This site provides information and resources for the Enneagram Quick Guide and User Guide books. The Quick Guide books offer simple explanations of the types and how to use them.
Latest Page Updates
The Enneagram personality types offer a rich system for understanding yourself and others, but it can be easy to get overwhelmed or confused by the many different interpretations and concepts associated with them. This book offers a simple three-step approach to learning everything you need to know about the types.
This post is about the methodology used in Enneagram tests. Let's take a look at the methodologies used by the different authors and teachers in their tests (and then I'll get to my methodology and reasoning).
The labels used with the Enneagram types are only approximations to what they actually point to. In other words, they hint at something that can't be understood by the label alone.
The Enneagram personality types were derived in large part from Oscar Ichazo's ego-types which included fixations, holy ideas, traps, passions, and virtues. Ego in this sense can be thought of the sense of "I" or "self" that gets created or cultivated in our lives. While this sense of self can be useful in our lives, it can also create self-limitations and self-deceptions.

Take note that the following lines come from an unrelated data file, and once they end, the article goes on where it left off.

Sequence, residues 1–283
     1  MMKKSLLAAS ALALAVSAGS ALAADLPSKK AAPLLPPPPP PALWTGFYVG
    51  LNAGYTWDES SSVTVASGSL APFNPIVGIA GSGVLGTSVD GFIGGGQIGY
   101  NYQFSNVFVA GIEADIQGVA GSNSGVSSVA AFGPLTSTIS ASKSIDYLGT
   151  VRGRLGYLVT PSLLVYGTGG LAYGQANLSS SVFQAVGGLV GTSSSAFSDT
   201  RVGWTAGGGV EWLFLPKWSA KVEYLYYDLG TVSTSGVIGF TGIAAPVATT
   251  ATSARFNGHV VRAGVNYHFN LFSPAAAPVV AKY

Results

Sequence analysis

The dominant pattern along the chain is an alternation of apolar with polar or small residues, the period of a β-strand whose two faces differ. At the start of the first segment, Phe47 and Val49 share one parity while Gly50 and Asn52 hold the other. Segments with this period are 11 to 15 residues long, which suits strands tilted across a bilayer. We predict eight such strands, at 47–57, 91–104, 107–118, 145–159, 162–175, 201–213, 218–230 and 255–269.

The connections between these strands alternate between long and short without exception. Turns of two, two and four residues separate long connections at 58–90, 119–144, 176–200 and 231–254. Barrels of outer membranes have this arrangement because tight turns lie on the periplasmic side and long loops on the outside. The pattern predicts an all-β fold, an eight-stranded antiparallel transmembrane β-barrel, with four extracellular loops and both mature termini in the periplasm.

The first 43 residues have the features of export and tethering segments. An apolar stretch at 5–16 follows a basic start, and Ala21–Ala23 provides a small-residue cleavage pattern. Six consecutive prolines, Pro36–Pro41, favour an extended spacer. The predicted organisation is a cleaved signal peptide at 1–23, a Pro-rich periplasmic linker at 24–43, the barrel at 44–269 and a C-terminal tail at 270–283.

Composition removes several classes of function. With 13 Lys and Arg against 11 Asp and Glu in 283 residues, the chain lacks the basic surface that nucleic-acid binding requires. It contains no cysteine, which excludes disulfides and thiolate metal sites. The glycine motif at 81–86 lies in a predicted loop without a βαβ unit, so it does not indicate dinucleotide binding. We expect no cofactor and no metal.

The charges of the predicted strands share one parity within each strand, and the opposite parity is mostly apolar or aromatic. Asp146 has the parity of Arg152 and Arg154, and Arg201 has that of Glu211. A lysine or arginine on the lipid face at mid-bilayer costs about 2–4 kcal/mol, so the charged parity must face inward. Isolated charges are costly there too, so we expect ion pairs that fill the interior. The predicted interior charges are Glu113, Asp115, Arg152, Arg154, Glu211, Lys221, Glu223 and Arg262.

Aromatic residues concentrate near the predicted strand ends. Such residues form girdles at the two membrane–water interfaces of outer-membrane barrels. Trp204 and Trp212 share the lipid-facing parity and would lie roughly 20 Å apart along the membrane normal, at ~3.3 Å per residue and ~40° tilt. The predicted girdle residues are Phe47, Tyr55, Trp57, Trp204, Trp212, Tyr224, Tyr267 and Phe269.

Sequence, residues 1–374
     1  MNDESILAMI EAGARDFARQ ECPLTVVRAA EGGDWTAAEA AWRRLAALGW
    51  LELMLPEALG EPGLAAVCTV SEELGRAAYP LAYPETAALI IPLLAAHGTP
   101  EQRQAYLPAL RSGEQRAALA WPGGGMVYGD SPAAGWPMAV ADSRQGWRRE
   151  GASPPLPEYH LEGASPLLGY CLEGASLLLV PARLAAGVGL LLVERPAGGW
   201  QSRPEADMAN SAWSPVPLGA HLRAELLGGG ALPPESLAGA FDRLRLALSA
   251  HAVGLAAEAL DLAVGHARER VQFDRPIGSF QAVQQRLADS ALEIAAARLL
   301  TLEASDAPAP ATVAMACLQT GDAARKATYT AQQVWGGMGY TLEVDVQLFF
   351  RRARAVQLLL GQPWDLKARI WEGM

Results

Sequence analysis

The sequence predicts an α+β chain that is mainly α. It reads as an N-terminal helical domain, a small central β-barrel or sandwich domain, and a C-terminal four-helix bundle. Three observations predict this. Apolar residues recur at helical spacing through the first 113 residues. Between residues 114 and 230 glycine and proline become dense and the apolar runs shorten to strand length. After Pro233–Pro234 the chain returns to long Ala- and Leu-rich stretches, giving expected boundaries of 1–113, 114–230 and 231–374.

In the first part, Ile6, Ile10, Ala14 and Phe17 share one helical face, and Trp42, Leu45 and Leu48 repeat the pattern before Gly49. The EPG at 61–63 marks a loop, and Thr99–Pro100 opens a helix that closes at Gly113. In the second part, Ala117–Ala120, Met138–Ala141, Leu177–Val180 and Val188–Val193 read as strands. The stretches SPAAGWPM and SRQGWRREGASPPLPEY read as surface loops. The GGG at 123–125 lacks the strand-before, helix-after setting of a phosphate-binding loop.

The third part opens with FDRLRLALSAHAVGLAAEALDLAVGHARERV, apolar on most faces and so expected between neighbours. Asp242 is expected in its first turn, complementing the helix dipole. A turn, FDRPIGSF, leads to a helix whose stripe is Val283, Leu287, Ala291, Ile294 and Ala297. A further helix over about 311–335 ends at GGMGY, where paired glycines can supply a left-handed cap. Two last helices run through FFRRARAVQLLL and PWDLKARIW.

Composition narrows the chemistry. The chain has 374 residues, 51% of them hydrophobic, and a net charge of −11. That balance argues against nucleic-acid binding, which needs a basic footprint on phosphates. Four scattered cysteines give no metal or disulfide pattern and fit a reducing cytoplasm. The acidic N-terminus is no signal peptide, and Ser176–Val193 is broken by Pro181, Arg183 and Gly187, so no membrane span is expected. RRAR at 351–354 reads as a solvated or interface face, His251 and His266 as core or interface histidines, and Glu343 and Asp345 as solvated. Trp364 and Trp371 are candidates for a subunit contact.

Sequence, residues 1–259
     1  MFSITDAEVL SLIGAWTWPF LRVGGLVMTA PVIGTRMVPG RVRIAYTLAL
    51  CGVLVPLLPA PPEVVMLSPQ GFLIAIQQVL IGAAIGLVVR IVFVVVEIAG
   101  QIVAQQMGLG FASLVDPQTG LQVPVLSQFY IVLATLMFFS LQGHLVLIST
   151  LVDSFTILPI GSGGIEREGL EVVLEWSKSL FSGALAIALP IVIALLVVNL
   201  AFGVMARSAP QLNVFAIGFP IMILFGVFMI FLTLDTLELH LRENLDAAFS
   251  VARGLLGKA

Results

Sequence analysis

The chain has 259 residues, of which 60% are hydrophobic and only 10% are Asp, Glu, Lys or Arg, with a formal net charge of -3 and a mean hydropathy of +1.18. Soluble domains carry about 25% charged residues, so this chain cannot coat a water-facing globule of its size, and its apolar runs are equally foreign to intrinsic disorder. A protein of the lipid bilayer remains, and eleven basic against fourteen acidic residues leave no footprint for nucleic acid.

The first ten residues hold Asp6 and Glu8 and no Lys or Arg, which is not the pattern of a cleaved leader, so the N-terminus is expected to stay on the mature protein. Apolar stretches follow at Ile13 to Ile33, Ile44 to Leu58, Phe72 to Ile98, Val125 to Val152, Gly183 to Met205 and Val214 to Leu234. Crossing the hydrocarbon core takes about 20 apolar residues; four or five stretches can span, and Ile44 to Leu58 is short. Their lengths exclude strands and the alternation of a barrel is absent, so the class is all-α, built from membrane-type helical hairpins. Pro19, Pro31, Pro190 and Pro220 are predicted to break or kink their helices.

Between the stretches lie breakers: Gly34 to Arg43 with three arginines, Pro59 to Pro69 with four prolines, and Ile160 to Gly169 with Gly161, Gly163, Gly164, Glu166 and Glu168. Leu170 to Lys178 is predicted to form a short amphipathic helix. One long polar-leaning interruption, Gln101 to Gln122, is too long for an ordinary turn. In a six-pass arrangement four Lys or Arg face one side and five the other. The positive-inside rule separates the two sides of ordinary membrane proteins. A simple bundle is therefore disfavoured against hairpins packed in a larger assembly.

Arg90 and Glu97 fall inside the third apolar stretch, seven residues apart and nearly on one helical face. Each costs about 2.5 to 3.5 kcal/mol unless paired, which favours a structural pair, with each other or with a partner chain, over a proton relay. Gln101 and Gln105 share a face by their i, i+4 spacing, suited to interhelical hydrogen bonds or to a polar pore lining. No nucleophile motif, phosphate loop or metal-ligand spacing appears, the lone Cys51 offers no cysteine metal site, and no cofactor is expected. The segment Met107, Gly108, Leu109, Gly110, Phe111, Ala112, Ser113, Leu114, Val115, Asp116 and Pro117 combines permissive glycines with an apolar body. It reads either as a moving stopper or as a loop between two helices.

Enneagram tests are not accurate for everyone. They simply help narrow down the candidate types for a best fit. Each test is not only a product of how well the test was designed and constructed but also the test author's bias for understanding each type.
I sometimes hear mention of transcending one's Enneagram type. It usually appears in two contexts: 1) someone believing they're beyond the fixation of their type, and 2) someone trying to get rid of their type.
The Enneagram instincts are self-preservation, sexual (also called one-to-one and intimate), and social. Although rarely mentioned, the instincts are used with the Enneagram types in two quite different ways: the subtype approach and the stacking approach.
One problem I have with many descriptions of the Enneagram types is that they don't zero in on the core focus or internal experience of each type. Instead, they often try to describe type in terms of personality characteristics and behavioral traits.